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Revista Brasileira de Ornitologia, 22(3), 285-287 SHORTCOMMUNICATION September 2014 First record of the Andean Flamingo in the Brazilian Amazon 1, 2 1 Bianca Bernardon and João Valsecchi Grupo de Pesquisa em Ecologia de Vertebrados Terrestres - Instituto de Desenvolvimento Sustentável Mamirauá IDSM-OS/MCTI, Estrada do Bexiga, 2584, Bairro Fonte Boa, CEP 69553-225, Tefé, AM, Brazil. Corresponding author: firstname.lastname@example.org Received on 10 March 2014. Accepted on 19 March 2014. th ABSTRACT: On May 29 2007, three ﬁshermen observed an “unknown” bird, “swimming” on the Igarapé do Baré, a stream inside the Amanã Sustainable Development Reserve. Since they had never spotted that bird species before, they shot and donated it to the Mamirauá Sustainable Development Institute (IDSM). The specimen is an Andean Flamingo Phoenicoparrus andinus and is housed at the Ornithological Collection of IDSM. This is the ﬁrst record of the Andean Flamingo for the state of Amazonas and the Brazilian Amazon. KEYWORDS: Amanã Reserve, Amazonas, Phoenicoparrus andinus. There are four ﬂamingo species recorded for Brazil: only three toes (Figure 2a), one of the main diagnosable Phoenicopterus ruber (American Flamingo), is the only characteristics of this genus. species resident in Brazil, with reproductive colonies on The specimen was compared directly with two the shores of the Amapá state (Sick 1997); Phoenicopterus other ﬂamingo specimens: a young P. jamesi deposited chilensis (Chilean Flamingo) has been recorded in the at the Museu Paraense Emilio Goeldi (MPEG 58950), states of São Paulo and Rio de Janeiro; Phoenicoparrus and an adult P. andinus from the Museu de Zoologia da jamesi (James’s Flamingo) had its ﬁrst and only occurrence Universidade de São Paulo (MZUSP 84351). However, in Brazil in 2005, in the state of Acre (Guilherme et al. due to extreme similarities in juvenile plumage of both 2005); and Phoenicoparrus andinus (Andean Flamingo), Phoenicoparrus species, it was not possible to determine with records so far in the states of Rio Grande do Sul the species to which IDSM 00001 belonged based on and Santa Catarina (Bege & Pauli 1990, Antas 1992, plumage alone. Nevertheless, the bill of IDSM 00001 Bornschein & Reinert 1996). Here, we report on the presented 9 lamellas (comb-like or hair-like structure ﬁrst occurrence of the Andean Flamingo for the state of present on the mandible, serving for ﬁltering food) per Amazonas and Brazilian Amazonia. cm, as veriﬁed for the Andean ﬂamingo, whereas the th On May 29 2007, three ﬁshermen observed James’s Flamingo has about 20 lamellas per cm (Mascitti an “unknown” bird, “swimming” alone on the stream & Kravetz 2002). This Identiﬁcation was conﬁrmed with known as “Igarapé do Baré” at approximately 2º21'09''S the assistance of the researchers Omar Rocha, Biologist 64º43'00''W, inside the Amanã Sustainable Development from the Centro de Estudios de Biologia Teórica y Reserve (ASDR), in the municipality of Maraã, state of Aplicada (BIOTA), Bolivia, and Johnson K. Vizcarra, Amazonas. Since they had never spotted such a bird from the Grupo Aves del Perú (GAP). before, they hunted and later donated it to the Mamirauá The bill dimensions of IDSM 00001 are as follows: Sustainable Development Institute (IDSM), where it exposed culmen and mandible with 104.63 mm and was incorporated into the ornithological collection as 67.07 mm, respectively (Figure 2b). It is a young specimen IDSM 00001. appearing between 4 and 6 months old (J. Vizcarra pers. The collected specimen is a young individual (Figure comm.). 1), with beige and brown feathers, with a small pink area The Andean Flamingo occurs mainly in the high under the wings, and ﬂanks covered with dark striated Andean plateaus of Peru, Chile, Bolivia, and Argentina, feathers. As the bird was kept in formaldehyde, the with a population estimated in 38,000 individuals color of the feathers, legs and bill have been altered. The (Marconi et al. 2011). It is listed as ‘vulnerable’ by the specimen belongs to the genus Phoenicoparrus for showing IUCN because its population has been decreasing quickly First record of the Andean Flamingo in the Brazilian Amazon Bianca Bernardon and João Valsecchi due to exploitation and loss in habitat quality (Rocha & Caziani & Derlindati (1999) concluded that drastic Quiroga 1997, BirdLife International 2014). changes in the environment, such as severe droughts, may Andean Flamingos reproduce during the austral induce the ﬂamingos to seasonal altitude relocation. If summer, from December to February, on the highest feeding areas next to the nesting areas are not enough in Andean regions, with altitudes between 3,500 to 4,500 terms of quality or quantity, long distance movements in m (del Hoyo 1992), and which are located at least search of food sources may inﬂuence nest abandonment 1,500 km on a straight line from where IDSM 00001 (Marconi et al. 2011). However, the factor that contributes was found. Valqui et al. (2000) carried out a census of the most for the erratic movements of P. andinus and P. the species during the winter and only found half of the jamesi seems to be the occurrence of great storms and Andean Flamingos recorded that summer, which means cold fronts. These storms end up “dragging” ﬂamingos to that about half of its population is going to places still more distant regions since these birds usually cannot ﬂy unknown. Caziani et al. (2007) recorded the increase in against strong air currents (Guilherme et al. 2005). the abundance of P. andinus in low altitude ﬂooded areas These birds generally live in groups. However, the of Peru and Argentina during the austral winter. ﬁshermen only found one ﬂamingo and did not see any th FIGURE 1. Dorsal view of the young Phoenicoparrus andinus (IDSM 00001), collected on May 29 2007, at the Amanã Sustainable Development Reserve, municipality of Maraã, Amazonas state. FIGURE 2. a) Detail of the three toes of the Phoenicoparrus andinus collected, main characteristic of the genus Phoenicoparrus. b) Head of the young specimen P. andinus. Revista Brasileira de Ornitologia, 22(3), 2014 First record of the Andean Flamingo in the Brazilian Amazon Bianca Bernardon and João Valsecchi BirdLife International. 2014. Species factsheet: Phoenicoparrus other individual during the following three days of ﬁshing andinus. http://www. birdlife.org (access on 02 January 2014). in the area. This fact probably indicated that IDSM 00001 Bornschein, M. R. & Reinert, B. L. 1996. The Andean Flamingo in may have gotten lost from the group and been brought by Brazil. Wilson Bulletin, 108: 807-808. an air current, until near where it was found. According Caziani, S. M., & Derlindati, E. J. 1999. Humedales altoandinos to weather reports (CPTEC/INPE 2007), on the last del Noroeste de Argentina: su contribución a la biodiversidad regional. Tópicos sobre humedales subtropicales y templados de week of May 2007, a new cold air mass advanced over the Sudamérica. Oﬁcina Regional de Ciencia y Tecnología de la South American continent, causing strong temperature UNESCO para América Latina y el Caribe-ORCYT-Montevideo. drops and historical records of minimum temperatures. Uruguay. http://www.unesco.org.uy/phi/aguaycultura/ﬁleadmin/ Guilherme et al. (2005) also suggested that the arrival of ciencias%20naturales/ mab/1.pdf (access on 03 January 2014). Caziani, S. M.; Rocha, O.; Ramirez, E. R.; Romano, M.; Derlindati, the James’s Flamingo in the state of Acre was caused by a E. J.; Talamo, A.; Ricalde, D.; Quiroga, C.; Contreras, J. P.; cold front. Valqui, M.; & Sosa, H. 2007. Seasonal distribution, abundance, This is the ﬁrst record of the Andean Flamingo for and nesting of Puna, Andean, and Chilean Flamingos. The Condor, the state of Amazonas and the Brazilian Amazon. 109: 276-287. CPTEC/INPE [Centro de Previsão de Tempo e Estudos Climáticos, Instituto Nacional de Pesquisas Espaciais]. 2007. http://www. climanalise.cptec.inpe.br/~rclimanl/boletim/index0507.shtml ACKNOWLEDGMENTS (access on 30 July 2013). del Hoyo, J. 1992. Phoenicopteridae (Flamingos), p. 508-526. In: del We thank the following institutions for support: Conselho Hoyo, J.; Elliott, A.; Sargatal, J. (eds.). Handbook of the birds of the world. Barcelona: Lynx Edicions. Nacional de Desenvolvimento Cientíﬁco e Tecnológico Guilherme, E.; Aleixo, A.; Guimarães, J. O.; Dias, P. R. F.; Amaral, (CNPq), Ministério de Ciências, Tecnologia e Inovação P. P.; Zamora, L. M. & Souza, M. S. 2005. Primeiro registro de (MCTI), and Instituto de Desenvolvimento Sustentável Phoenicoparrus jamesi (Aves, Phoenicopteriformes) para o Brasil. Mamirauá (IDSM). Revista Brasileira de Ornitologia, 13: 212-214. We thank Moisés do Carmo for donating the Marconi, P.; Sureda, A. L.; Arengo, F.; Aguilar, M. S.; Amado, N.; Alza, L.; Rocha, O.; Torres, R.; Moschione, F.; Romano, M.; ﬂamingo specimen to the IDSM and the anonymous Sosa, H. & Derlindati, E. 2011. Fourth simultaneous ﬂamingo reviewers. We also thank Omar Rocha, biologist from census in South America: preliminary results. Flamingo, 18: 48-53. Centro de Estudios de Biología Teórica y Aplicada Mascitti, V. & Kravetz, F. O. 2002. Bill morphology of South (BIOTA), Bolívia, and Jhonson K. Vizcarra, from Grupo American Flamingos. The Condor, 104:73-83. Rocha, O. & Quiroga, C. 1997. Primer censo simultáneo internacional Aves del Perú (GAP), for helping with the identiﬁcation de los ﬂamencos Phoenicoparrus jamesi y Phoenicoparrus andinus en the collected ﬂamingo. Argentina, Bolivia, Chile y Perú, con especial referencia y análisis al caso boliviano. Ecología en Bolivia, 30: 33-42. Sick, H. 1997. Ornitologia Brasileira. Rio de Janeiro: Editora Nova REFERENCES fronteira. Valqui, M.; Caziani, S. M.; Rocha, O. & Rodriguez, E. 2000. Abundance and distribution of the South American altiplano Antas, P . T. Z. 1992. Novos registros para a avifauna do Rio Grande do ﬂamingos. Waterbirds, 23: 110-113. Sul, p. 80-81. In: Anais do VI Encontro Nacional de Anilhadores de Aves. Pelotas: Universidade Católica de Pelotas, EDUCAT. Bege, L. A. R. & Pauli, B. T. 1990. Two birds new to Brazilian avifauna. Bulletin of the British Ornithologists’ Club, 110: 93-94. Associate Editor: Alexandre Aleixo Revista Brasileira de Ornitologia, 22(3), 2014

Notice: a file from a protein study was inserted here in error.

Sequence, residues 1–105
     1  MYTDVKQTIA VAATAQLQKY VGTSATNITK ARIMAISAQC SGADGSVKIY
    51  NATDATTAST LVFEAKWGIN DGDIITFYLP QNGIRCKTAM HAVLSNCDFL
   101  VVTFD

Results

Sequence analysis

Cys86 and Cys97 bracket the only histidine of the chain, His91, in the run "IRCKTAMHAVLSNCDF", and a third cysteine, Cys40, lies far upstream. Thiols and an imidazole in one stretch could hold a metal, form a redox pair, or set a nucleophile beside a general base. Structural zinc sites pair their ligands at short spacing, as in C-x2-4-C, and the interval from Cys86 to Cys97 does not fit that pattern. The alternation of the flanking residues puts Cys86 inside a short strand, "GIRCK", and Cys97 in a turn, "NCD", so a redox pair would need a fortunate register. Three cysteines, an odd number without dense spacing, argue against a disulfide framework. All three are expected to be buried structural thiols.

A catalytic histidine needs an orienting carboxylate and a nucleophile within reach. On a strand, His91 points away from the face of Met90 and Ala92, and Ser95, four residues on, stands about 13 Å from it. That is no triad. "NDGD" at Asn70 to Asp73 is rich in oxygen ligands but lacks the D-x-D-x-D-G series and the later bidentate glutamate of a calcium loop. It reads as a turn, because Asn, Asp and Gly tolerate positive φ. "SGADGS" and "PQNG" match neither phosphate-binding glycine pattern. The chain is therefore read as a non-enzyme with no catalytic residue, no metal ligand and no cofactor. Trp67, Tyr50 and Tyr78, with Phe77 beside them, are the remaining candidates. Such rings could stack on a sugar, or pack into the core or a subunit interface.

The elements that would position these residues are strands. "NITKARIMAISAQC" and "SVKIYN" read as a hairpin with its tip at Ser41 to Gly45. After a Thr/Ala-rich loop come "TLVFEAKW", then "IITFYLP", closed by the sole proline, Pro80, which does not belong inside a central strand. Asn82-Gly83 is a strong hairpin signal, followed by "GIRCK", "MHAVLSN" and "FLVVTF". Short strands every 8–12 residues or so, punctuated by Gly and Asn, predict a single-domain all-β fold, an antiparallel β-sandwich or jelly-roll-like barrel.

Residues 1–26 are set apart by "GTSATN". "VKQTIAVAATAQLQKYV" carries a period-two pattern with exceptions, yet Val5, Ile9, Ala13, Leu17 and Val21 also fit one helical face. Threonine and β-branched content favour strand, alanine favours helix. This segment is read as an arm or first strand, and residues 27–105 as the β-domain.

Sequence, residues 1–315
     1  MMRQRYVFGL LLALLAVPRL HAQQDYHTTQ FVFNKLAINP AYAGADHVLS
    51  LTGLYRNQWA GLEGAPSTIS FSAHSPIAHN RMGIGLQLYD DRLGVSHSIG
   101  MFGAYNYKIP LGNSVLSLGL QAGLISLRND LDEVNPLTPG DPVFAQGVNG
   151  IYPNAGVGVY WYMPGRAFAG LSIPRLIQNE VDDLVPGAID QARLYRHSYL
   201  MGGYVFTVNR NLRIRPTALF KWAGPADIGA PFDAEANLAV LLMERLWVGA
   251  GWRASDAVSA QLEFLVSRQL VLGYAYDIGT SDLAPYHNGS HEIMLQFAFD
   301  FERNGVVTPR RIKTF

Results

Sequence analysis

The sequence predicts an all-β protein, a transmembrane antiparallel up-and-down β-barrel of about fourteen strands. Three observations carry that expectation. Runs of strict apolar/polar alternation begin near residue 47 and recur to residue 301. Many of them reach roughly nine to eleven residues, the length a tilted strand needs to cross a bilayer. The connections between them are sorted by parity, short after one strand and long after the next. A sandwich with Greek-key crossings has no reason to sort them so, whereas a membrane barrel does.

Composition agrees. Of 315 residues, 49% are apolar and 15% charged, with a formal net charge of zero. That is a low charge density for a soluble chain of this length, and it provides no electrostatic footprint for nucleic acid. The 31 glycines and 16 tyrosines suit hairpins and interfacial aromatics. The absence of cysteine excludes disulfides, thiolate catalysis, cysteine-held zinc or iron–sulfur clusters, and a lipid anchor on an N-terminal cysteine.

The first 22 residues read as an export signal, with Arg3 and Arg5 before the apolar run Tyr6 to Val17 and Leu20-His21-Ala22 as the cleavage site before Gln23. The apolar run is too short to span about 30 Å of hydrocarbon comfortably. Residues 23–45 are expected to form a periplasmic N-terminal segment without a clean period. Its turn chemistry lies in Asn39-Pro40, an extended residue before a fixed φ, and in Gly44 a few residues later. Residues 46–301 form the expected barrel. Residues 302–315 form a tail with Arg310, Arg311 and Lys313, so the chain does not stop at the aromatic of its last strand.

Ornithology Research – Springer Journals
Published: Sep 1, 2014
Keywords: Amanã; Reserve; Amazonas; Phoenicoparrus andinus